One might look at the string of poor job reports and conclude that maybe the business sector gets a bit nervous when it sees politicians rewriting the rules according to their imperial whim.  Interestingly, the health care sector – which prominent Democrats have assured us will soon explode with new jobs, balancing out the other jobs lost due to ObamaCare – remained flat.

In a note following the report, Kathy Bostjancic, director of macroeconomic analysis for The Conference Board, also tried to put a positive spin on the series of reports that she says “likely spark uncertainty about the strength of the labor market and direction of the overall U.S. economy.” She noted that the three-month payroll average remains strong at 168,000. Reiterating that winter weather played a clear roll in the December results,  and to some extent January results, she said The Conference Board expects job gains to rebound to a 180,000 to 200,000 pace once the weather returns to normal.

“The signals from the latest survey of purchasing managers and The Conference Board’s Leading Economic Index point to continued moderate job gains over the next few months, in an improving economic environment,” wrote Bostjancic. “Indeed, if these job gains, and the pay checks they generate, lift consumer sentiment and support spending on replacement vehicles and household appliances and furnishings, it will indeed be an improving economic environment. And if demand is improving, business will respond by investing so as to supply the goods and services in demand.”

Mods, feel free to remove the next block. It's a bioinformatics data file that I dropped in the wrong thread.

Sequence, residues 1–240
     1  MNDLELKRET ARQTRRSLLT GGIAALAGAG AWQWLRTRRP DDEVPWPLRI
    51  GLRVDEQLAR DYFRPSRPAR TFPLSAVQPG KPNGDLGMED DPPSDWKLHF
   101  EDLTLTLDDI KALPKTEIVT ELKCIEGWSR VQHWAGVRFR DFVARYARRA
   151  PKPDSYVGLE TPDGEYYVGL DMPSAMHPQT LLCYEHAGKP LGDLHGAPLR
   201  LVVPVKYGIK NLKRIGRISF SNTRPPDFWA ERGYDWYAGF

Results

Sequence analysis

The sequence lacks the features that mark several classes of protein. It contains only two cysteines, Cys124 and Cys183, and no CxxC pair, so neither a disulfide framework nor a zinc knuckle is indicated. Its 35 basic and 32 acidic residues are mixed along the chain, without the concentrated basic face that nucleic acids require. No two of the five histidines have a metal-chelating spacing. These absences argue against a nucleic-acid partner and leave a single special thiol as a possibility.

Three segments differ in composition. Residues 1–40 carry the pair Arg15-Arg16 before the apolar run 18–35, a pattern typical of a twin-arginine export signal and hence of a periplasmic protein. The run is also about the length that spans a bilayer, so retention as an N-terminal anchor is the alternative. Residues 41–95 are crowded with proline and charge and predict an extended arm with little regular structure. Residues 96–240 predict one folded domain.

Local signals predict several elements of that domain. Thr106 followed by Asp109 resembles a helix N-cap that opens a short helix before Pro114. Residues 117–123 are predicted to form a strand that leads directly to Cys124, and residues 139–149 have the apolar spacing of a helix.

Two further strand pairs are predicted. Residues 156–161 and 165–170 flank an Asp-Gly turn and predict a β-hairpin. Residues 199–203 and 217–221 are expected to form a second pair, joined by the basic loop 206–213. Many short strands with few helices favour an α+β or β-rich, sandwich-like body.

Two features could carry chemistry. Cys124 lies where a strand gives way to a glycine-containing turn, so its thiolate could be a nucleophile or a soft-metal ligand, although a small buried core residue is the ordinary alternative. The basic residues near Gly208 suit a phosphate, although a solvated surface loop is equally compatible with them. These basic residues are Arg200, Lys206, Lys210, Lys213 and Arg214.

168,00 jobs on average is not “strong growth,” or even a prelude to strong growth; it’s treading water, roughly comparable to population growth.  (And that three-month average looks a lot less appealing when it consists of one decent month followed by two screaming plummets into the abyss.)  There aren’t any job gains and paycheck bounties “lifting consumer sentiment”; on the contrary, the very same unemployment report says retail sales were disappointing during the holiday season.

The demographic distribution of unemployment is also discouraging; the 18-29 age bracket still has a 15.8 real unemployment rate, coupled with a continuing exodus from the workforce.  According to Generation Opportunity’s calculations, the unemployment rate for black youths is a horrifying 23.9 percent.  Eight years of Obama is turning people who should have entered the workforce when he entered the Oval Office into a lost generation, which is not only looking at a crushing student loan debt burden, but an even more crushing national debt burden they will not be able to pay, and won’t be allowed to leave unpaid.  And now they’re listening to the Democrat Party shriek in unison that work is slavery and unemployment is liberation, as they try to spin away the devastating Congressional Budget Office projections for the future of ObamaCare.